Search - Tower of Power :: Monster on a Leash

Monster on a Leash
Tower of Power
Monster on a Leash
Genres: Pop, R&B, Rock
 
  •  Track Listings (12) - Disc #1


      
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CD Details

All Artists: Tower of Power
Title: Monster on a Leash
Members Wishing: 1
Total Copies: 0
Label: Epic Europe
Release Date: 1/14/1992
Album Type: Import
Genres: Pop, R&B, Rock
Styles: Funk, Soul
Number of Discs: 1
SwapaCD Credits: 1

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CD Reviews

THE 80'S ARE OVER -- GET ON WITH THE FUNK -- AGAIN!!!
B Sax Man | North Carolina | 08/20/2004
(5 out of 5 stars)

"Say what you will about this Tower Of Power CD, it has some very good tunes on it. After a very bad lull of electrified, synthisized, pre-programmed, horn chorus-filled, undignified pretentious "music" (and I use the term loosely) during the 80s, when the premium was on formula rather than substance, and the record producers and club owners had pretty much outlawed REAL bands (you know the ones with real bass players, real guitar players, real horns, and a real drummer), Tower Of Power came back ready to play. Sit back while I tell you how I really feel!!

In the 70s, when I was in college, Tower Of Power was unlike any other band because they crossed all types of music and cultures. It moved me because it was real, gritty funk. Those guys were funky. They didn't call it East Bay Grease for nothing! And that's what everyone loved about them. The music was uncompromising and free and that led to their appeal.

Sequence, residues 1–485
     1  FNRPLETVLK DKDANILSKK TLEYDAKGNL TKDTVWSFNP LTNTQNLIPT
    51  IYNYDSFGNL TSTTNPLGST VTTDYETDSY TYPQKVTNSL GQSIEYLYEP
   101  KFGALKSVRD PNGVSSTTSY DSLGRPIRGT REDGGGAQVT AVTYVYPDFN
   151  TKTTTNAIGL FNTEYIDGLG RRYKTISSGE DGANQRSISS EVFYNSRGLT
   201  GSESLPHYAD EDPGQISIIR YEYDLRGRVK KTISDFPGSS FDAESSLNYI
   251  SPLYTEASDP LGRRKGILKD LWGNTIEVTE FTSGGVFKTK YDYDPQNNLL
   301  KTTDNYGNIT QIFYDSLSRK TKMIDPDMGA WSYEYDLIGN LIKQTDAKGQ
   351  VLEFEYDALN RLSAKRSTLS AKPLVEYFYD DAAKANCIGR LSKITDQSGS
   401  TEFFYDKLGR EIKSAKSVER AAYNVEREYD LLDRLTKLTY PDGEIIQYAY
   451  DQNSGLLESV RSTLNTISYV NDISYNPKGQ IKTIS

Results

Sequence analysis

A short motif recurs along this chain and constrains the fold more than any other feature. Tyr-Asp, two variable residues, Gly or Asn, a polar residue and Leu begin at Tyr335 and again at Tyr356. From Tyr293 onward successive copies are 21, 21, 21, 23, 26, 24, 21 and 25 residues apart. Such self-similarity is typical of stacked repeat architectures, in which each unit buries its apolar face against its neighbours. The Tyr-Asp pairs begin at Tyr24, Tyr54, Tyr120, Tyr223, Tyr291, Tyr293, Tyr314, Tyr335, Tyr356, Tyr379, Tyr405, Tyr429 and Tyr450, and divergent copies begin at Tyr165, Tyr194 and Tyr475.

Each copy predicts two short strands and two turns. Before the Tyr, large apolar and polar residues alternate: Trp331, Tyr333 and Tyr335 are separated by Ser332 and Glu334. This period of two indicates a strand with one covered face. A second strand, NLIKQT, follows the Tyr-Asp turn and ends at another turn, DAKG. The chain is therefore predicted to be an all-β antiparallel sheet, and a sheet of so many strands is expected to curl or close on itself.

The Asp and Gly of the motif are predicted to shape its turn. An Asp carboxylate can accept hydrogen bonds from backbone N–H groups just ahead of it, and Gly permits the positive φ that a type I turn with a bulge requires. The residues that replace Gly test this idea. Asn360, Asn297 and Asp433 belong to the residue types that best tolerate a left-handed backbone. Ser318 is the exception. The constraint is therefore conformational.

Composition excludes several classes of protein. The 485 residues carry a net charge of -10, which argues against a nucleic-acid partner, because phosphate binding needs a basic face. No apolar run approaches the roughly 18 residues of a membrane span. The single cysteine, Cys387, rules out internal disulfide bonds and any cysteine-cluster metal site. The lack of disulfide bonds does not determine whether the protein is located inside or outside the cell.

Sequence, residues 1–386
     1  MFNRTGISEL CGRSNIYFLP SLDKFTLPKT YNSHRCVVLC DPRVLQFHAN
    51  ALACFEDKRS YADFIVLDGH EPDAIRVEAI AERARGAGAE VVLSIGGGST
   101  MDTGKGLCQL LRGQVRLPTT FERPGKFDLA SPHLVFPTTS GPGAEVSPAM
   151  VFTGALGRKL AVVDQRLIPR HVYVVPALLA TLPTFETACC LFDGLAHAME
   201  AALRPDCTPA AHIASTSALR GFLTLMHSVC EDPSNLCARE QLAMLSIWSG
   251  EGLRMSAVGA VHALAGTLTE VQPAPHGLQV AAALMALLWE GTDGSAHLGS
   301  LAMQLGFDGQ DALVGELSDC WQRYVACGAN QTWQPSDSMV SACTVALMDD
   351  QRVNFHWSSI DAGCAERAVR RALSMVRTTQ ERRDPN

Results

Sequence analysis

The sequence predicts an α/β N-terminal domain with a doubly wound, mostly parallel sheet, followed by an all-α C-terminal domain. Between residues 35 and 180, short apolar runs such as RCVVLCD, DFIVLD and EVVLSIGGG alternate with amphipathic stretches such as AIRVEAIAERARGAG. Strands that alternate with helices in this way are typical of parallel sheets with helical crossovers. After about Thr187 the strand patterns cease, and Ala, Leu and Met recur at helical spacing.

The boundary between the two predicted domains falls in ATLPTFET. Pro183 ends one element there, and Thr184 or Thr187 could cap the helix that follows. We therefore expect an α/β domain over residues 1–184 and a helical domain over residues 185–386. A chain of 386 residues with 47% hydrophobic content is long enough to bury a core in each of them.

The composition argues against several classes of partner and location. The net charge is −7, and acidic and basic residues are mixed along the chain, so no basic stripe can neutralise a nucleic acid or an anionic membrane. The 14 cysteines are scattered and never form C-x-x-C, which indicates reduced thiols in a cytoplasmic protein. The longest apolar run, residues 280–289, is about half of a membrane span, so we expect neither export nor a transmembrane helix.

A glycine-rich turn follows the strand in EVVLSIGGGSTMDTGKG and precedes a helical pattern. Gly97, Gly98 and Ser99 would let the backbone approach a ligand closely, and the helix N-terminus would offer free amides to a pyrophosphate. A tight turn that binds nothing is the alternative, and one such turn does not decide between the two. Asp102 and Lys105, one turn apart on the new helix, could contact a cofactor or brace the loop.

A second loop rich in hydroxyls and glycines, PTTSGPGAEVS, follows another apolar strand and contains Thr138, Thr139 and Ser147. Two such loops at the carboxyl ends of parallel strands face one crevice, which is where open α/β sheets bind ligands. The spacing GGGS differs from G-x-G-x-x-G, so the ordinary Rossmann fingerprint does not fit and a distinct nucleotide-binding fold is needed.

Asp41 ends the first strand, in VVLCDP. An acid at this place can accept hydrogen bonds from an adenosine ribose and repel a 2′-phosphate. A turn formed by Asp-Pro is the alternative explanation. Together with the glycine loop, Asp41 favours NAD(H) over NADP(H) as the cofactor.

In the 80s, the dynamic of the music business changed. My opinion was that the club owners dictated a lot of what was happening. Music was in a growth period. And financially, it was more advantageous to have smaller groups to pay than larger ones. So horn-based groups tended to break up. TOP didn't break up, but they had to deal with the trends of the day, that included horn chorus interfaces on keyboards that eliminated the need for full horn sections; the development and refinement of drum machines; the infusion of disco/techno music and the beginnings of rap, which meant the beginning of sampling, rather than full-fledged song development. Everyone was too busy or too high to deal with a lot of lyrics that made sense or complicated rhythms and song changes. Simple was better.

So TOP and other groups were highly inactive during the 80s. The albums they put out with disco overtones were not very good. That wasn't what they cut their teeth on, and their enthusiasm, or lack of it, showed on the albums. So this is their first of many albums during the 90s. And they went back to the formula that worked. No cheesy synths on this, no disco beat. Just the formula. East Bay Grease.

Is this a classic album? Maybe not, but it's enjoyable to say the very least, and there are some memorable songs on it. The single "YOU CAN'T FALL UP" was not one of my favorites. The sax solo doesn't crank up until the song is over. Not good. Especially for a sax player.

I do have my favorites though. I really like "PERSONAL POSSESSIONS". The guitar solo is a thing of beauty and the song is reminiscent of some of their earlier mid-tempo jams. The horns work very well against the melody. Also good are "MISS TROUBLE", "A LITTLE KNOWLEDGE" and "MR. TOAD'S WILD RIDE", in honor of one of their favorite east coast clubs. Tom Bowes is an excellent lead singer and did a reputable job on this album.

Before you're overly critical of this album, consider the times and what had gone on in music up to that time. Someone already wrote that it was good driving music -- and that, my friends, is something we all need. You won't lose with this one in your collection."